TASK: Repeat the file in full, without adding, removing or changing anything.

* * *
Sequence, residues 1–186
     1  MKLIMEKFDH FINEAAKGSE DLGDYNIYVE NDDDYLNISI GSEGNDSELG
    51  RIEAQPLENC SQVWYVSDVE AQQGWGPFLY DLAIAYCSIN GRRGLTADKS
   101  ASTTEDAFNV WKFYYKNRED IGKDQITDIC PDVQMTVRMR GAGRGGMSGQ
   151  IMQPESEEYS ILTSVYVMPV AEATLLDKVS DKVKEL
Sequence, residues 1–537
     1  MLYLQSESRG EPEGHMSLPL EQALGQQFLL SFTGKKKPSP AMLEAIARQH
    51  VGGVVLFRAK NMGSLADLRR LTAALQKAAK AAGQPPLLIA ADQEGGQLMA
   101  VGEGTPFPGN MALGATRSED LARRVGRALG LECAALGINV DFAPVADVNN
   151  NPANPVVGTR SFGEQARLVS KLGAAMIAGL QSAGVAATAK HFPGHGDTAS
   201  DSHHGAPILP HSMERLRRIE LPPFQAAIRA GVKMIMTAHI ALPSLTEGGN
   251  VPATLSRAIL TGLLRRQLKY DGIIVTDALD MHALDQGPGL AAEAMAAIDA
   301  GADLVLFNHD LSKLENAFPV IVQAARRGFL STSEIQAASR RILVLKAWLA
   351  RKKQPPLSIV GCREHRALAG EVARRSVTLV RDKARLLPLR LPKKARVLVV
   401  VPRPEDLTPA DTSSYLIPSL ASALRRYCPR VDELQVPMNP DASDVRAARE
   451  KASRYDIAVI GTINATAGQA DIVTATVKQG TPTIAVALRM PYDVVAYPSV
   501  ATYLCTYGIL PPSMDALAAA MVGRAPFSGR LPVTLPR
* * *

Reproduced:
Sequence, residues 1–186
     1  MKLIMEKFDH FINEAAKGSE DLGDYNIYVE NDDDYLNISI GSEGNDSELG
    51  RIEAQPLENC SQVWYVSDVE AQQGWGPFLY DLAIAYCSIN GRRGLTADKS
   101  ASTTEDAFNV WKFYYKNRED IGKDQITDIC PDVQMTVRMR GAGRGGMSGQ
   151  IMQPESEEYS ILTSVYVMPV AEATLLDKVS DKVKEL
Sequence, residues 1–537
     1  MLYLQSESRG EPEGHMSLPL EQALGQQFLL SFTGKKKPSP AMLEAIARQH
    51  VGGVVLFRAK NMGSLADLRR LTAALQKAAK AAGQPPLLIA ADQEGGQLMA
   101  VGEGTPFPGN MALGATRSED LARRVGRALG LECAALGINV DFAPVADVNN
   151  NPANPVVGTR SFGEQARLVS KLGAAMIAGL QSAGVAATAK HFPGHGDTAS
   201  DSHHGAPILP HSMERLRRIE LPPFQAAIRA GVKMIMTAHI ALPSLTEGGN
   251  VPATLSRAIL TGLLRRQLKY DGIIVTDALD MHALDQGPGL AAEAMAAIDA
   301  GADLVLFNHD LSKLENAFPV IVQAARRGFL STSEIQAASR RILVLKAWLA
   351  RKKQPPLSIV GCREHRALAG EVARRSVTLV RDKARLLPLR LPKKARVLVV
   401  VPRPEDLTPA DTSSYLIPSL ASALRRYCPR VDELQVPMNP DASDVRAARE
   451  KASRYDIAVI GTINATAGQA DIVTATVKQG TPTIAVALRM PYDVVAYPSV
   501  ATYLCTYGIL PPSMDALAAA MVGRAPFSGR LPVTLPR